Imperial decline

THE Roman Empire’s collapse is said to have begun when its territory was flooded by barbarians from the north.

It seems that a group of slightly less barbarous northerners are responsible for the disintegration of another over-mighty empire. At least according to novelist Neil Cocker, who says: “In 1995 I played in a Scottish teachers versus students game in rural Lithuania. They used Soviet tank camouflage netting for nets. We led 4-0 at half-time, then the hangovers kicked in, and we drew 4-4 and lost on penalties.

“It was the end of the decadent West.”

Queue quipster

WITH public transport severely curtailed, the Diary is enjoying dreamy recollections of those faraway days when not only could you hop on a train with little hindrance, you could also overhear some cheeky chit-chat.

Russell Smith from Largs recalls this delightful exchange, which took place in the Glasgow subway ticket queue…

“Maryhill, single.”

Next in line: “Pat Murphy, married.”

Mind your language

CONVIVIAL Diary correspondent David Donaldson recently got chatting to a retired civil engineer who had spent years with his family in the Libyan city of Benghazi. One of his sons attended the local American school where he had to read a chapter from an American novel for homework.

The lad soon stumbled upon unfamiliar words, and had to ask his dad what "sidewalk" and "garbage" meant.

These were easily explained. Then came the question: "Dad, what's a f***it?"

Dad floundered for an answer, so asked to see the sentence.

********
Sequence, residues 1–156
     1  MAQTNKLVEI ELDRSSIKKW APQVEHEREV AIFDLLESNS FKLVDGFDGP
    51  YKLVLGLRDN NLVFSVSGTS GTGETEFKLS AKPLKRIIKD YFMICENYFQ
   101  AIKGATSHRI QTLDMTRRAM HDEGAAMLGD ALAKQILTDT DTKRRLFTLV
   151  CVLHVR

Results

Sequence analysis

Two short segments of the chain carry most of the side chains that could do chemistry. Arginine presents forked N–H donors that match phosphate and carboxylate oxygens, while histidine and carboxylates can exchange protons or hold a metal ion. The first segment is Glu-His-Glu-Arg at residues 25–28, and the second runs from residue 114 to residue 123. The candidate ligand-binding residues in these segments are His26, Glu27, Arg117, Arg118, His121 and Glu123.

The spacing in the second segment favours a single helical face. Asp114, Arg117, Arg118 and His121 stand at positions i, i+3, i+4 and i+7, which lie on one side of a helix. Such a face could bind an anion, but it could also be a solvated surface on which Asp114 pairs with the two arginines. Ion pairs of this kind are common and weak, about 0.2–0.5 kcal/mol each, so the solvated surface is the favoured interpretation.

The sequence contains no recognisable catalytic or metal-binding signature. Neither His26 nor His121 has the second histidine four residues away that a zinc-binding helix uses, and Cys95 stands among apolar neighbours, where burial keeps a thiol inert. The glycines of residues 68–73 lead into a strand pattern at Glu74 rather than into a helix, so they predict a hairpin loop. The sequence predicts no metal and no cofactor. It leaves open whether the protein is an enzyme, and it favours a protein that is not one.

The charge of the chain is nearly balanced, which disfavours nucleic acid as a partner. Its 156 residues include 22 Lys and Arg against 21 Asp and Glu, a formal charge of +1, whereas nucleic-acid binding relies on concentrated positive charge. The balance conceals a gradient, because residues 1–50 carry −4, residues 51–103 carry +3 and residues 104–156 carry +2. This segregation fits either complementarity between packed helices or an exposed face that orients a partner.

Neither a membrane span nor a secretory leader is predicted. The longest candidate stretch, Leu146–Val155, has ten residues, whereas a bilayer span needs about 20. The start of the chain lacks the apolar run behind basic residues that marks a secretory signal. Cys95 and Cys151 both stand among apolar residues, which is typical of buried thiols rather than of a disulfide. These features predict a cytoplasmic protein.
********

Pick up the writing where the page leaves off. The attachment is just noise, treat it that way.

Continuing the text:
It read: "She walked into the kitchen and turned on the faucet."

Doors of perception

METAPHYSICAL musings from reader Ted Smith, who says: “When it's closed it's a door, but leave it open and it's a jar.”

Metallic manoeuvres

HAVING discovered that robots with Glasgow accents have been invented to be enjoyed in the boudoir, the Diary is now devising phrases that the amorous automatons can use.

Abigail Quinn saucily suggests: “Let’s gerrit oan, China. Time tae put a spanner in ma works…”

Marital misstep

WORKING as an English tutor for mature students in Los Angeles, reader Susan Davies came across a local newspaper story that she used as a teaching aid to explain the importance of comma placement.

A line in the article read: "A documentary has been made about country crooner Merle Haggard. Among those interviewed were his two ex-wives, Kris Kristofferson and Robert Duvall."

Ditzy death sentence

THE inventor of Chinese whispers has died, says reader Gloria Lynch, who adds: “May he test tinned peas.”

Read more: A family affair with Kate Bush